Even growing up in Southern California, as a child the only tacos I ate were made of seasoned ground beef, chopped tomato, shredded lettuce and a sprinkling of grated cheddar cheese in a crisp, yellow, U-shaped shell. When I was finally introduced to the soft, vegetable-less, cheese-free taco truck version, I realized the tacos I grew up eating were not Mexican at all. But where did the American taco originate? And what's with the crispy shell?
The SF Weekly talked to two taco experts to find out the origins of the "anglo taco." Although there are a couple restaurants in Texas that could lay claim to inventing the crispy taco, it was Glen Bell, the founder of Taco Bell, who made them popular. He started the chain in Southern California, inspired by the fast food of McDonald's, which was founded around the same time.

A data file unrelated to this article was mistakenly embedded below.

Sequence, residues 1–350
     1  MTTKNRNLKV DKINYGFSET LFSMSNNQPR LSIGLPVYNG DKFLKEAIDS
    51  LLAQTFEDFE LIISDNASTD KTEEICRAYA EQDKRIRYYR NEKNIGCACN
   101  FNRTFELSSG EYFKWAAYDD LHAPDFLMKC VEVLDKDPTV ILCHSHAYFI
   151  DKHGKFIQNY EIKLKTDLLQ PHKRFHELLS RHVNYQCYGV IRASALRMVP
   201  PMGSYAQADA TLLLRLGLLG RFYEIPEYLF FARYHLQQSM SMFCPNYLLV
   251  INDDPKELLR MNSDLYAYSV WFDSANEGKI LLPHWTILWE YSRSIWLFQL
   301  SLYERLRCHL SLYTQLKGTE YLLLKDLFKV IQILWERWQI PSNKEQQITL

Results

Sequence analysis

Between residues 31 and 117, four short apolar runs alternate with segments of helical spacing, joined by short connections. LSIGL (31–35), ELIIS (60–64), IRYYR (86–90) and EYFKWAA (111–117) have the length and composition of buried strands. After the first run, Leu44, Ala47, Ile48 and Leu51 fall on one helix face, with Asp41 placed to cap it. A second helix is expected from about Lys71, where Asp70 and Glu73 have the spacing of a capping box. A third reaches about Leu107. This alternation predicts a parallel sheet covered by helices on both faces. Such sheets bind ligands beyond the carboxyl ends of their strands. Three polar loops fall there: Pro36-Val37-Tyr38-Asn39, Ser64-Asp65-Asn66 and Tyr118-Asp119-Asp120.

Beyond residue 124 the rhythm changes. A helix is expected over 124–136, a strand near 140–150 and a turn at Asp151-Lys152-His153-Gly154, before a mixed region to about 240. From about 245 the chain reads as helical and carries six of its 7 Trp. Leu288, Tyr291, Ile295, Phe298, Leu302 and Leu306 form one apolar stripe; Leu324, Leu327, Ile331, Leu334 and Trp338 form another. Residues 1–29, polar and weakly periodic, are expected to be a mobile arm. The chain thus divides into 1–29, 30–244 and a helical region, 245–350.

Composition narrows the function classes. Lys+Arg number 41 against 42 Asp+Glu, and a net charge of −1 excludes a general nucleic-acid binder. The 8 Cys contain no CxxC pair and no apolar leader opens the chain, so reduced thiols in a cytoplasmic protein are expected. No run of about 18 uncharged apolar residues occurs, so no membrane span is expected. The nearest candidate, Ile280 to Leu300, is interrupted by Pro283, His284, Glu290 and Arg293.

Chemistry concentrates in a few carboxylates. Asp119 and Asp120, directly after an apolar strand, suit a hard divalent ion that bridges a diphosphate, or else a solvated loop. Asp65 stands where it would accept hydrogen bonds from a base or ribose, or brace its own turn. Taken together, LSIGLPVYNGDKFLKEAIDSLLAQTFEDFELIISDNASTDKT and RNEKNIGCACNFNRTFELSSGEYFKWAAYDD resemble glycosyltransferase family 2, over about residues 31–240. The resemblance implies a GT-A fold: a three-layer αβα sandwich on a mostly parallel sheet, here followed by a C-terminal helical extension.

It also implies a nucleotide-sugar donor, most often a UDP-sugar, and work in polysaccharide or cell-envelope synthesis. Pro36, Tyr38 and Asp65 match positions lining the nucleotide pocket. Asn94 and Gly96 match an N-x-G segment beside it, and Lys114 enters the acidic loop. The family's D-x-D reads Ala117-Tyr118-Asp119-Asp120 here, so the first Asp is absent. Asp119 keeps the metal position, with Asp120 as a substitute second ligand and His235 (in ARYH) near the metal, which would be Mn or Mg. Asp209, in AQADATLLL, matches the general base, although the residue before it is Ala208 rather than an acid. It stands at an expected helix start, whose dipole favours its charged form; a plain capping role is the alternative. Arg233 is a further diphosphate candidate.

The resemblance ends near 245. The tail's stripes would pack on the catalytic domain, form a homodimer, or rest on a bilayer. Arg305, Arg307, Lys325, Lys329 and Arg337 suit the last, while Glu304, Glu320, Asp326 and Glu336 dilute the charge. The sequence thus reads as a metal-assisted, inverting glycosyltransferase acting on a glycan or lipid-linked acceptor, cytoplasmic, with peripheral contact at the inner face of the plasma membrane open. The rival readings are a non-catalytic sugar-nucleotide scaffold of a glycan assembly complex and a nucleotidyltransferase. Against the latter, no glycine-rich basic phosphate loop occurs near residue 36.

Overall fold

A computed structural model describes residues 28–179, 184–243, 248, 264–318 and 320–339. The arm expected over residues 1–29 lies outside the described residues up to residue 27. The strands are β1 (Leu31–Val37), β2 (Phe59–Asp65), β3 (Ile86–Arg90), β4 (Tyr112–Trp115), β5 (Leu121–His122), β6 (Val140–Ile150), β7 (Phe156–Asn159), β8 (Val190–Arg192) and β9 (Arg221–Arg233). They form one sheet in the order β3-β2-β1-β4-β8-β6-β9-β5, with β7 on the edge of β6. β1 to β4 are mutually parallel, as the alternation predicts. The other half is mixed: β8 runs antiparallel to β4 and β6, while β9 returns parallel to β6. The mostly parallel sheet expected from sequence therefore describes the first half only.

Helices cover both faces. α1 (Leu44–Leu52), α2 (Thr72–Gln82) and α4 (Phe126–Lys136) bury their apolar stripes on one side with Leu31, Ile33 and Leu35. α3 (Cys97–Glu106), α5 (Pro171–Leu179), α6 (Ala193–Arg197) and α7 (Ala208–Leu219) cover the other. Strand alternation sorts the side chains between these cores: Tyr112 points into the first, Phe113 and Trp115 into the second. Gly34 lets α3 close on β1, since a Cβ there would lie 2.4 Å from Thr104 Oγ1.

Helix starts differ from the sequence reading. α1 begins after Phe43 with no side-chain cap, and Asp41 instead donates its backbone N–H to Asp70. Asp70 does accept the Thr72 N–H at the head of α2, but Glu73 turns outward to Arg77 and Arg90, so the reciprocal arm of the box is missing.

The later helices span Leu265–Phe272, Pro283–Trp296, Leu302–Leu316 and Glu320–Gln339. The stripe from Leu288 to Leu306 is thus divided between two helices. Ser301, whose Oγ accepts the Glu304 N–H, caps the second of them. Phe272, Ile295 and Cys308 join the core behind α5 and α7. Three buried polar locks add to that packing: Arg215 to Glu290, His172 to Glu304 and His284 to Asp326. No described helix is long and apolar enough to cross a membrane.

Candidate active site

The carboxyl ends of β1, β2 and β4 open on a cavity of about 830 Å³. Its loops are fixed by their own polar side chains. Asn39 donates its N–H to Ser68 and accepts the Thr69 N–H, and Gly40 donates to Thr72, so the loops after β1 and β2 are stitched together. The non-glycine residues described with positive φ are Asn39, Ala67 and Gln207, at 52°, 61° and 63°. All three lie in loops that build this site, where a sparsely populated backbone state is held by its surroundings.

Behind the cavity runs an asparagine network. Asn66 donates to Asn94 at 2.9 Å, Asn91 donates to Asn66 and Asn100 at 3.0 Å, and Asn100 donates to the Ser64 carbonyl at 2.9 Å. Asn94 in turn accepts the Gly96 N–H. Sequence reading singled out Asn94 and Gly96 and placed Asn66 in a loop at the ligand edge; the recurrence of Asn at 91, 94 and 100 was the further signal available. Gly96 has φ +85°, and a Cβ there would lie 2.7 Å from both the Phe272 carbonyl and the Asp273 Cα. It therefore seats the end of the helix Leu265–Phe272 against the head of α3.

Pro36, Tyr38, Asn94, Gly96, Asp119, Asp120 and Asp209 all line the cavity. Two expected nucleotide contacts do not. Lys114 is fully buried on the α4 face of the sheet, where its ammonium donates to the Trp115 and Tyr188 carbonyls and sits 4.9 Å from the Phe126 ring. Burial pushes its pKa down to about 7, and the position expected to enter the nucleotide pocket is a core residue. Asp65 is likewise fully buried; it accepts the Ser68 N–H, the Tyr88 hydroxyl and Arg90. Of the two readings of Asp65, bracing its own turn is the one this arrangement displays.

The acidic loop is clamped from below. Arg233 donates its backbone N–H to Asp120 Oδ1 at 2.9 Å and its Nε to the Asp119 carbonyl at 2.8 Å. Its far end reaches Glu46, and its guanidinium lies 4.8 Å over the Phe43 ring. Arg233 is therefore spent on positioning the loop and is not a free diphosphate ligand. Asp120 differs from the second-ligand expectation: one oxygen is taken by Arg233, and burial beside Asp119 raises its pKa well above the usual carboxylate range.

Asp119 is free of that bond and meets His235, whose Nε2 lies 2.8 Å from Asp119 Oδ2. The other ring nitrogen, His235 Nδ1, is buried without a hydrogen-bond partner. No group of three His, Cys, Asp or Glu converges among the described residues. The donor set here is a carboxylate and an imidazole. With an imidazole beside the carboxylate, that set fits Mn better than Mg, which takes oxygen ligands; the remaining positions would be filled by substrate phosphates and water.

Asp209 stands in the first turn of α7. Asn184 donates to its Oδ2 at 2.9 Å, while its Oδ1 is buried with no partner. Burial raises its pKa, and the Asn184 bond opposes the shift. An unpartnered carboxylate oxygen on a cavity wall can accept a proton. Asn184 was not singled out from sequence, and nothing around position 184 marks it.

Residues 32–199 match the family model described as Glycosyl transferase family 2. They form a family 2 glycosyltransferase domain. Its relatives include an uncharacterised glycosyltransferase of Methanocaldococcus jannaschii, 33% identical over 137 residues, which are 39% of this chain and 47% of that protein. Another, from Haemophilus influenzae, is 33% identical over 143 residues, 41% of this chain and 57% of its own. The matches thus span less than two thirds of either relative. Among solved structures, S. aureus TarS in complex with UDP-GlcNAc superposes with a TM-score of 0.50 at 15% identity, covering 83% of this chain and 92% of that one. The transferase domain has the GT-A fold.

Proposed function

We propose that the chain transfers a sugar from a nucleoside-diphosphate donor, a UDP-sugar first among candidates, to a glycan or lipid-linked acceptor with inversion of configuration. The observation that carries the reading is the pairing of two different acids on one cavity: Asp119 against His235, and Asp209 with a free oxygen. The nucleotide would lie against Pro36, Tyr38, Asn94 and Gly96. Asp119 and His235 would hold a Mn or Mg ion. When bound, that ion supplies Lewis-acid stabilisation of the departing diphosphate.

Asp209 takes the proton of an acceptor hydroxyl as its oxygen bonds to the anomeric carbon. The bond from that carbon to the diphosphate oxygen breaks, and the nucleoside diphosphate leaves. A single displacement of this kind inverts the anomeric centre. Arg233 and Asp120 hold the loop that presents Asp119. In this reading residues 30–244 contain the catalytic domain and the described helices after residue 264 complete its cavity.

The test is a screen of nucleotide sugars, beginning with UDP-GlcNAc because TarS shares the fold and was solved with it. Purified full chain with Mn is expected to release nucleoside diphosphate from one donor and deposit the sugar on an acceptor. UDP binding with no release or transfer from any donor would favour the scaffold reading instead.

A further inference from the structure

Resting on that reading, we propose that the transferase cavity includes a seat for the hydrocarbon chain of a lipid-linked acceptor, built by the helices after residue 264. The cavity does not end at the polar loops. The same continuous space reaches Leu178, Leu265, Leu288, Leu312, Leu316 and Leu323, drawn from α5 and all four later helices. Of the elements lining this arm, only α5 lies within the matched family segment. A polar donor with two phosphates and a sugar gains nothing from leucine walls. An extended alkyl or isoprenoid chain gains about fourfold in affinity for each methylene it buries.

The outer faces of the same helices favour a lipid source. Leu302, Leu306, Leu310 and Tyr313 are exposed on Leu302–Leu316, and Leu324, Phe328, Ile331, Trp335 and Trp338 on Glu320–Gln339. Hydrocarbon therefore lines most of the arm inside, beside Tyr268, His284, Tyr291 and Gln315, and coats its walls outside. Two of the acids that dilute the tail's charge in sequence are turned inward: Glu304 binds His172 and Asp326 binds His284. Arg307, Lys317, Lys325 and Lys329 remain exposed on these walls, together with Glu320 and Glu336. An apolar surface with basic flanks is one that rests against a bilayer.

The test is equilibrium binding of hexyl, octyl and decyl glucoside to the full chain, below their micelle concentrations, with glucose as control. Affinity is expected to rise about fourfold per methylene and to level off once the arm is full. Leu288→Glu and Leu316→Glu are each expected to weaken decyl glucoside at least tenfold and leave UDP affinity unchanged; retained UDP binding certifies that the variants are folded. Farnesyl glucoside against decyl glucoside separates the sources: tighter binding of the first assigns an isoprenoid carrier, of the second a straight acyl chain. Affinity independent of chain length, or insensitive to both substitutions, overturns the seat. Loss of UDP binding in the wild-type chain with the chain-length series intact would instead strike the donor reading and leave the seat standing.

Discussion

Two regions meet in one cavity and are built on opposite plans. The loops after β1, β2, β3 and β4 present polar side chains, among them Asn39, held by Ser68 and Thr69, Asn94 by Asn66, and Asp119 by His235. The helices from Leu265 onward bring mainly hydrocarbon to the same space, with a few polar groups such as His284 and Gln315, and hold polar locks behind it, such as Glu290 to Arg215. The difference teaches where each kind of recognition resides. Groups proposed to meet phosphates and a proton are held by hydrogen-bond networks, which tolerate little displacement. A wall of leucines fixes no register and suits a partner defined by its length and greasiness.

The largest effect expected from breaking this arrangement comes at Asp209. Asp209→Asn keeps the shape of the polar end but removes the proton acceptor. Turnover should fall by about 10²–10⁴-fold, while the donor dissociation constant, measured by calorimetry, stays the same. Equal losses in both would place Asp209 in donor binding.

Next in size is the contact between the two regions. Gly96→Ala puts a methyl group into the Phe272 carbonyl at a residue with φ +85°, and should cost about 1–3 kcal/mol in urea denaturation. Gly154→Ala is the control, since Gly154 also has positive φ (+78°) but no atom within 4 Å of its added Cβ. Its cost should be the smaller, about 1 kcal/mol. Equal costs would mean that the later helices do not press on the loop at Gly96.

Bell, in search of the taco version of the McDonald's hamburger, invented the preformed taco shell. It was so popular, Tex-Mex restaurants began frying their own taco shells, clipping tortillas to a bent coffee can and frying them in oil. And from there, the crispy yellow shell swept the nation.
• Read more: Where Did Crispy Tacos Come From? at the SF Weekly
Were "anglo tacos" the tacos you grew up with?
Related: Easy Weeknight Dinner: Potato Tacos (Tacos de Papa)
(Image: Flickr member TheCulinaryGeek licensed under Creative Commons)